Love Beyond Love.pdf


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Love Beyond Love (from Préti Sandarbha, Anuccheda 61)
Translation

Thus, préti for Bhagavän is the highest objective of life. In Viñëu Puräëa (1.20.19), Prahläda uses an
analogy which describes the intrinsic characteristic of préti:
yä prétir avivekänäà viñayeñv anapäyiné
tväm anusmarataù sä me hådayän mäpasarpatu
“The same irrevocable préti which (yä) ignorant people have for sense objects, may
that préti for You not disappear from my heart while remembering You.”
The use of the relative pronouns yä (which) and sä (that), means that préti for Bhagavän has some key
characteristics that are the same as the préti ignorant people have for sense objects, but it does not
indicate that both types of préti are absolutely the same. Later on, the distinctions between the two
types of préti will be clearly defined. One type of préti is a manifestation of mäyä and the other
manifests from the svarüpa çakti of Bhagavän.
The word préti means happiness (sukham), joy (mut), delight (pramoda), thrill (harña), bliss (änanda),
and so on. The word préti also implies priyatä – which means devotion (bhäva), love (härda), affection
(sauhåda), and so on. Thus there is a relationship between happiness (prīti) and love (priyatā).
Happiness is an experience that makes one delighted, thrilled, joyful, and so on. Love (priyatā) involves
pleasing the beloved, desiring to do so, and experiencing the beloved. This also produces an experience
that makes one delighted and so on. Therefore, love is superior to happiness, for love includes happiness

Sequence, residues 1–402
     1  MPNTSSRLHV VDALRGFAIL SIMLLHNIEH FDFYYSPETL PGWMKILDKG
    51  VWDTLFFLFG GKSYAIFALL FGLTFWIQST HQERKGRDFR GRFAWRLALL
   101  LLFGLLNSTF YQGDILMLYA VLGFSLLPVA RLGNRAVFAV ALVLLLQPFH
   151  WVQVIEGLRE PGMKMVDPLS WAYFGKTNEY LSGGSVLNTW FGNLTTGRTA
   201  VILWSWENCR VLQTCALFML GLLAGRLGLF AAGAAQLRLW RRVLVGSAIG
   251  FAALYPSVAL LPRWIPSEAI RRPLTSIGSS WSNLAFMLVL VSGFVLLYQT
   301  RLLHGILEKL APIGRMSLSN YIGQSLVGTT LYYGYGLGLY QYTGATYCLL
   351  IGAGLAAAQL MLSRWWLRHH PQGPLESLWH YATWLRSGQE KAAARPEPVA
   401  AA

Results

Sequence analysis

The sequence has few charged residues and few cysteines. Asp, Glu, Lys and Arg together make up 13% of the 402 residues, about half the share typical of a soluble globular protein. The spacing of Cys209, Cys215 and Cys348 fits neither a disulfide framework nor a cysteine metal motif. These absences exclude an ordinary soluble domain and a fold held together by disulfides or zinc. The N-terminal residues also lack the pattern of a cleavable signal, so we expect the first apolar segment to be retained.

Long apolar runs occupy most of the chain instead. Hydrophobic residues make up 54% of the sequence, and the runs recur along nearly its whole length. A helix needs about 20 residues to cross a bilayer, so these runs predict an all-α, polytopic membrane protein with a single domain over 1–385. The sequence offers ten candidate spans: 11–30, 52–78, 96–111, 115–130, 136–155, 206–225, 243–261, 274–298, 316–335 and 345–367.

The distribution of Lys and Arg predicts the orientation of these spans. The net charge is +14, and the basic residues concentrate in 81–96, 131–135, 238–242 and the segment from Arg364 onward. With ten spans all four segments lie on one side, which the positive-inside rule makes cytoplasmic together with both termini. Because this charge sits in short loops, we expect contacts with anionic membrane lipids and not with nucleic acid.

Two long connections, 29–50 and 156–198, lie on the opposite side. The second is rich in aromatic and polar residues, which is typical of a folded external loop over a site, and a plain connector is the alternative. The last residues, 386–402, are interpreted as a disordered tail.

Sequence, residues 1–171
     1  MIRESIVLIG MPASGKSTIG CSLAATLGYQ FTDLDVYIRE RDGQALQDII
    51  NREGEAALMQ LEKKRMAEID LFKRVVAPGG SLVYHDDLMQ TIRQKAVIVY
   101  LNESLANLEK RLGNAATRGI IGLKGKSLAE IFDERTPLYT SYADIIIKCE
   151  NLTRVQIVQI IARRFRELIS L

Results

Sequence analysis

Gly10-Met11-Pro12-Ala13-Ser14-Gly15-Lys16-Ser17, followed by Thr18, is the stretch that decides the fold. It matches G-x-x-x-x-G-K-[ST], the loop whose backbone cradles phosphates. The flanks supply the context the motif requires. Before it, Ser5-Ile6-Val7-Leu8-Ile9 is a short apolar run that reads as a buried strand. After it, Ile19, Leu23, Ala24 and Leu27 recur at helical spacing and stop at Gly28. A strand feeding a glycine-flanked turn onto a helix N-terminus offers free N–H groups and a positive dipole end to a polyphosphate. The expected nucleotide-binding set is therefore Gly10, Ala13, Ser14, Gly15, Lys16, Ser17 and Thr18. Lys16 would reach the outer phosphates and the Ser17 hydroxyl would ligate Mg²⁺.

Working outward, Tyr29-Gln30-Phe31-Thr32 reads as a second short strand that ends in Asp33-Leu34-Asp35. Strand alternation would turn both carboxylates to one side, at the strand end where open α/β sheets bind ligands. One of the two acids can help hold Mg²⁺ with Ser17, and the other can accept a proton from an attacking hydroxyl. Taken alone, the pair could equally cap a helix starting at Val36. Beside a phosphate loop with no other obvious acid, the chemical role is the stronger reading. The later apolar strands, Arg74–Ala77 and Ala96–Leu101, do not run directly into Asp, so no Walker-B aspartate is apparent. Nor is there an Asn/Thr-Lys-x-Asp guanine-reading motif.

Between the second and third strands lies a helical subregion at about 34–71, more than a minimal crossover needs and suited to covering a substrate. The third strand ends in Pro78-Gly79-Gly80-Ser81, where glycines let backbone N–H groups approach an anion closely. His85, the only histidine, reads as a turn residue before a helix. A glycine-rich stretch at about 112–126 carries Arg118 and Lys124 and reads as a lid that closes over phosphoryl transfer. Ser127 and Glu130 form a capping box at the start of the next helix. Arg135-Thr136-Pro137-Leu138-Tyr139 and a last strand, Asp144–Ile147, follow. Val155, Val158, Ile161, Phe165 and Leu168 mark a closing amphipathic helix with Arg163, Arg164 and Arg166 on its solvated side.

automatically.
Happiness is an experience of elation. The object causing the happiness (viṣaya) does not experience it,
only the subject perceiving the object (āśraya) experiences it. The same is true for the opposite of
happiness, misery. Love, however, is experienced not only by the lover (āśraya), but also by the beloved
(viṣaya). The same is true for the opposite of love, hatred.
Happiness and misery are experienced only by their subjects (āśraya), the fortunate and unfortunate
living entities. Love and hate are experienced by their subjects (āśraya), lovers and haters, as well as by
their objects: the beloved and the hated.
The activities of happiness (préti) have the object (viṣaya) as their substratum (adhikaraëa), like the
meaning of the verb “to light”. The activities of hatred (dveña) have the object (viñaya) as their target
of action (karma) like the verb “to kill”.
In this regard, Sanskrit grammar describes the object of a verb (karma) as the aspired objective of an
agent (kartä), the desired result from the verb-action. The means to achieve the result is of four types:
generating, transforming, improving, and attaining. Some verbs have no object, grammar describes